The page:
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Certain Medical Conditions as a Risk Factor

There are certain medical conditions and medications that may weaken the immune system and increase risk of meningococcal disease.

Persistent Complement Component Deficiencies

Ask your healthcare professional which meningococcal vaccines they recommend for you or your child.

CDC recommends people with a persistent complement component deficiency receive two vaccines for protection against meningococcal disease:

  • A meningococcal conjugate vaccine
  • A serogroup B meningococcal vaccine

Complement component deficiencies refer to disorders of the ‘complement system,’ which helps the body fight off infections. Examples of complement component deficiencies include C3, C5-9, properdin, factor H, and factor D. These disorders are very rare and usually genetic. People who take Soliris® are also at increased risk for meningococcal disease. Doctors prescribe Soliris® to treat atypical hemolytic uremic syndrome and paroxysmal nocturnal hemoglobinuria.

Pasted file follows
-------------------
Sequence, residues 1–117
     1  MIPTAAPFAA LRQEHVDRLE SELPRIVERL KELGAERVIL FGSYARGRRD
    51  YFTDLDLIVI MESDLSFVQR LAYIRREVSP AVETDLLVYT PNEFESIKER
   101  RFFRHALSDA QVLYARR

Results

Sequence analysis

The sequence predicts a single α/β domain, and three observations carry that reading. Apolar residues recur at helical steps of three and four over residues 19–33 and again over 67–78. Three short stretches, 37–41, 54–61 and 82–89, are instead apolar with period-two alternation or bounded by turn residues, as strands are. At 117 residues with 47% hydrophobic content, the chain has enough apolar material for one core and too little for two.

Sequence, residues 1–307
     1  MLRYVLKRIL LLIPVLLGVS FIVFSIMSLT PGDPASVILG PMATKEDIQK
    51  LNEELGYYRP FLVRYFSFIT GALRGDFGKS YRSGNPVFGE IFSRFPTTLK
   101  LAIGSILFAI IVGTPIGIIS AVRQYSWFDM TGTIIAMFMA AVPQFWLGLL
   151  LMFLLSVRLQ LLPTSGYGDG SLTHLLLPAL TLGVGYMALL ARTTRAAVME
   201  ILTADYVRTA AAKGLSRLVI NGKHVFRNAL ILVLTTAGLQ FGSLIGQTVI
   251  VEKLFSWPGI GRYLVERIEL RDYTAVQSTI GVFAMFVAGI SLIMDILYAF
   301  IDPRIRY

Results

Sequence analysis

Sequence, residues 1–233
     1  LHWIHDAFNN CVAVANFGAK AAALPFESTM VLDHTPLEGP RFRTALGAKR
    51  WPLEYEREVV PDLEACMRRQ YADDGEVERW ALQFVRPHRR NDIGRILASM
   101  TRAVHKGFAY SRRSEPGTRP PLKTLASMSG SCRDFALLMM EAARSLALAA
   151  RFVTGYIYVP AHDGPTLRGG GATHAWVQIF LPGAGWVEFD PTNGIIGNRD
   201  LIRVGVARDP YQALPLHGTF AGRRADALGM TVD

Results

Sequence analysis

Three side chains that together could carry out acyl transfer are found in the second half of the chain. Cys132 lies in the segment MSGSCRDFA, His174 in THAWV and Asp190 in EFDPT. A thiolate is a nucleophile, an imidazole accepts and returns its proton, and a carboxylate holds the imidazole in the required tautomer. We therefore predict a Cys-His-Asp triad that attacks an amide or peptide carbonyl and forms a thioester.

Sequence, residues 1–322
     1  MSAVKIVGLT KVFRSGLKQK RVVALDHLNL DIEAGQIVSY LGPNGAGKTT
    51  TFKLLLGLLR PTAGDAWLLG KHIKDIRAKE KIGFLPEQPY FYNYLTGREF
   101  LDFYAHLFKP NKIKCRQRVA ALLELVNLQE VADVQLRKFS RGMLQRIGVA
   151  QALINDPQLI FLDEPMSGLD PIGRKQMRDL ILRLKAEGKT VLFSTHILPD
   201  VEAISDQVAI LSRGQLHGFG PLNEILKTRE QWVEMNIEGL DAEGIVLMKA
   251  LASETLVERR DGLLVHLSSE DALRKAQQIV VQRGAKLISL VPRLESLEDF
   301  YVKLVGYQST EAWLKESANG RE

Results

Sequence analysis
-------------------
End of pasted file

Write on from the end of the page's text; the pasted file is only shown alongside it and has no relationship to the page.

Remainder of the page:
Functional or Anatomic Asplenia

CDC recommends people with functional or anatomic asplenia receive two vaccines for protection against meningococcal disease:

  • A meningococcal conjugate vaccine
  • A serogroup B meningococcal vaccine

Someone with anatomic asplenia does not have a spleen (for instance, if it was surgically removed). Someone with functional asplenia has a spleen but it doesn’t work the way that it should. People with sickle cell anemia have functional asplenia. The spleen is an important organ for fighting meningococcal infections because it helps produce antibodies and filter bacteria.

Meningococcal Disease: What People Living with HIV Need to Know
Meningococcal Disease Fact Sheet: What People Living with HIV Need to Know [PDF – 637 KB]
This fact sheet describes common outcomes of meningococcal disease, a rare but very serious illness. People living with HIV are at increased risk for meningococcal disease and should get a meningococcal conjugate vaccine.

HIV Infection

CDC recommends people living with HIV receive a meningococcal conjugate vaccine. These vaccines provide protection against meningococcal disease caused by serogroups A, C, W, and Y. For HIV-infected people who get meningococcal disease, about 4 out of every 5 cases (80%) are due to serogroups C, W, and Y. A low CD4 count or high viral load increases risk of meningococcal disease for people living with HIV.

Learn more about meningococcal vaccine recommendations.

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